Over the past several days, I’ve been reviewing the contents of each chapter of my book on yoga teaching called, “Stretched: Build Your Yoga Business, Grow Your Teaching Techniques.” We’re up to Chapter 5 (if you missed any of the previous chapters, just check back on the prior blog posts) called “Resume Creation and Marketing Your Classes.” This chapter has to do with the presentation of your work experience, both in a resume and on the studio websites where you teach. It also gives you tips on how to market your classes and workshops.
While you might not think you need an actual resume for your work as a yoga teacher, it’s not a bad idea to have one. It will allow you to present a cohesive outline of your experience to a prospective employer. Even if you don’t have one to give to a studio owner, it’s a great way for you to keep track of what you’re doing, how you’re investing in the learning and training involved in teaching and what you’re creating as a teacher in terms of classes and workshops.
Also, from a broader perspective, this chapter starts to get you thinking about what makes you unique. Let’s face it: there are a LOT of teachers out there! If someone asks you what makes your classes unique, what would you say? Do you have an authentic,truthful way to describe your teaching style? These are the kinds of things that we discuss in this chapter as a way to get you thinking about marketing yourself. If that makes you feel uncomfortable, remember, if it’s authentic and truthful to you, it should feel natural. If you’re saying something (or writing it in your resume or online as a class description) and it feels awkward, you’ve probably picked a description that is an attempt at grabbing the reader’s (or listener’s) attention. It should feel natural and like YOU.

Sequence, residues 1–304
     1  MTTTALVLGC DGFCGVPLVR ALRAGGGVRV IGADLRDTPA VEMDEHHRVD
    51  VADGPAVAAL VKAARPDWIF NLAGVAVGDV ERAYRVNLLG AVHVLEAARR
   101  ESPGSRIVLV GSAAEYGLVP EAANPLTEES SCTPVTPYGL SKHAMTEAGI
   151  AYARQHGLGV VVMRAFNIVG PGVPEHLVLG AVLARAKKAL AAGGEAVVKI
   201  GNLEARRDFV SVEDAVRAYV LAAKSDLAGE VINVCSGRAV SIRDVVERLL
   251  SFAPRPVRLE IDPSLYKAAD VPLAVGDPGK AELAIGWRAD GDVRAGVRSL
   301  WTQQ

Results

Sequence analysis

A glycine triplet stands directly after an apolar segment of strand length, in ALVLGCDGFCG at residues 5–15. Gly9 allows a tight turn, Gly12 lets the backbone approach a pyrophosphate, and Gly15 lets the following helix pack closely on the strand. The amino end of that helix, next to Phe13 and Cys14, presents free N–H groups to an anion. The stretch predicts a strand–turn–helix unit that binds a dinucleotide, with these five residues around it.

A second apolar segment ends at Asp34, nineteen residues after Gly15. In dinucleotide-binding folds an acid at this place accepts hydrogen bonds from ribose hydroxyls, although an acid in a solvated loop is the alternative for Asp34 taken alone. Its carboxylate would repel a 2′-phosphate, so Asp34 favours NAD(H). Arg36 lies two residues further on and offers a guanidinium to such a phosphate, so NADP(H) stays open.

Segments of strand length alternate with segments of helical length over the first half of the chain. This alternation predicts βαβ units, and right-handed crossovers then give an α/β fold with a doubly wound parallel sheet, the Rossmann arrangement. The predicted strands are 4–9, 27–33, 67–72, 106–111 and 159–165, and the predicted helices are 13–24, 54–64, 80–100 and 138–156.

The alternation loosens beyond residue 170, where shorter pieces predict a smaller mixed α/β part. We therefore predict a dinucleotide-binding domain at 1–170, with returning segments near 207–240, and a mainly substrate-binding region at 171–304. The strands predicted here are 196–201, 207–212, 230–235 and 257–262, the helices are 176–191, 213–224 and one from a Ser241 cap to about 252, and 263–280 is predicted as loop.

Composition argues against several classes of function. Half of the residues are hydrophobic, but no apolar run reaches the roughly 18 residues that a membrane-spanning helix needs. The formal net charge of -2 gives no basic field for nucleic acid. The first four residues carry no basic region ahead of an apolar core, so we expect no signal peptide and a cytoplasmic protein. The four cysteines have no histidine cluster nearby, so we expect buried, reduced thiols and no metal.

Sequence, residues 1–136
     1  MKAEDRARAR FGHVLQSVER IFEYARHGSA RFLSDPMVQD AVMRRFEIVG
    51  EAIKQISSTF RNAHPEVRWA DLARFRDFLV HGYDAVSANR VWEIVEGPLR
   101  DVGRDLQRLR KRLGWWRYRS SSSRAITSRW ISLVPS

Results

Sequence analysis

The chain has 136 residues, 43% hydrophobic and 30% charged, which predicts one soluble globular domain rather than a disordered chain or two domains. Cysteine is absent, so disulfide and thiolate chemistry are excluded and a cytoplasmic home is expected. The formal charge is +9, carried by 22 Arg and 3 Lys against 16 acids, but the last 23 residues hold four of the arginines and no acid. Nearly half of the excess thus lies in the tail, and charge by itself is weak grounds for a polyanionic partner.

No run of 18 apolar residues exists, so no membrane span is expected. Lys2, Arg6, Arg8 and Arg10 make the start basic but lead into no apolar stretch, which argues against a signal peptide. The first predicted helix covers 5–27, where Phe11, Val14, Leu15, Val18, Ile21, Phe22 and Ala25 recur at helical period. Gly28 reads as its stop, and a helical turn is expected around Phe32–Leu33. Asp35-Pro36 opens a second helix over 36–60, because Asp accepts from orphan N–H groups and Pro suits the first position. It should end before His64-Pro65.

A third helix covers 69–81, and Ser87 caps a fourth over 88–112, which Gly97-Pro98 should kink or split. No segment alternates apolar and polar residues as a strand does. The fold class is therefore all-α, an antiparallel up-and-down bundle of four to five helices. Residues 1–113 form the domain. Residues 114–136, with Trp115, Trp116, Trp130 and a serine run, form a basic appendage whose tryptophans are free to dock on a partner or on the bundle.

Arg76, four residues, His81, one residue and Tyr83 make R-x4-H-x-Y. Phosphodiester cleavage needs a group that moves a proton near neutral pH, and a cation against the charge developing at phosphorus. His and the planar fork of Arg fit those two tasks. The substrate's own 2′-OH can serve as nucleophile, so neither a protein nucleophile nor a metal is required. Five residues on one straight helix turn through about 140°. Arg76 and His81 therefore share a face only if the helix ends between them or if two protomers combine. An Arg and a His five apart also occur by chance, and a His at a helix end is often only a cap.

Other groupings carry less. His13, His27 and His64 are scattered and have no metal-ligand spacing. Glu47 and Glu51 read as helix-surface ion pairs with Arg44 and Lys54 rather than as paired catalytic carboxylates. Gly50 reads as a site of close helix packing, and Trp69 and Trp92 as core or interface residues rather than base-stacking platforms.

The appendix of the book gives you a sample resume you can use as a template to complete. This should give you a head start on creating your own.
Marketing yourself as a yoga teacher is more education than sales. It’s not about “convincing” anyone. As teachers, we don’t want to “push” yoga on anyone. It’s more about coming up with quick statements you can make when you run into someone in the coffee shop and they ask you about your class, or a short way to describe your classes on studio websites or better yet, an easy to read description of your workshop, not something that’s 3 paragraphs long with lots of terms that many people won’t understand.
Next Up: Chapter 6, Identifying and Evaluating Yoga Teaching Opportunities.